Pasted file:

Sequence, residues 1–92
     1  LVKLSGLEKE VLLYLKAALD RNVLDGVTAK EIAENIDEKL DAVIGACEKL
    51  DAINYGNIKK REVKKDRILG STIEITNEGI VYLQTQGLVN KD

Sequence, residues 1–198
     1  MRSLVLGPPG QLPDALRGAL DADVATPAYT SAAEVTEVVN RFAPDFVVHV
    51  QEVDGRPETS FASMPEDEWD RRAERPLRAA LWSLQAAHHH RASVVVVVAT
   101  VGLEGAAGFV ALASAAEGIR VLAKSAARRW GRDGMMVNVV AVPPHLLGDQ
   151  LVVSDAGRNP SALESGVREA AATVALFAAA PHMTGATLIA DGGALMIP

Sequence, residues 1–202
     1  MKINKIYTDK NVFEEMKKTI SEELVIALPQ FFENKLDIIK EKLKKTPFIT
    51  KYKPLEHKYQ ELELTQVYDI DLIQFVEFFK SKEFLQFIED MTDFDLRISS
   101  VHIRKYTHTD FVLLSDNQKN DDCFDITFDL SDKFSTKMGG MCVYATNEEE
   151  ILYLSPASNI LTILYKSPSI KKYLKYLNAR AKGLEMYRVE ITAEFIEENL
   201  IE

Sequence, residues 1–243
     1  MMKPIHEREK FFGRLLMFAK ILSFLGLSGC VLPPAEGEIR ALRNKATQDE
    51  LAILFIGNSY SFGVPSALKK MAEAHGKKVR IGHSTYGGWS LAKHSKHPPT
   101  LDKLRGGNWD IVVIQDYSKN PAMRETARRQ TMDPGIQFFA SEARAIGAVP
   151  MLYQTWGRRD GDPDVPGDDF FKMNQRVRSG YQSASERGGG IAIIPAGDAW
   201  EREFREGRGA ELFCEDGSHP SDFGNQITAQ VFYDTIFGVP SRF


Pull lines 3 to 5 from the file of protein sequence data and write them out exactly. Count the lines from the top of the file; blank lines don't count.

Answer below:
    51  DAINYGNIKK REVKKDRILG STIEITNEGI VYLQTQGLVN KD

Sequence, residues 1–198
     1  MRSLVLGPPG QLPDALRGAL DADVATPAYT SAAEVTEVVN RFAPDFVVHV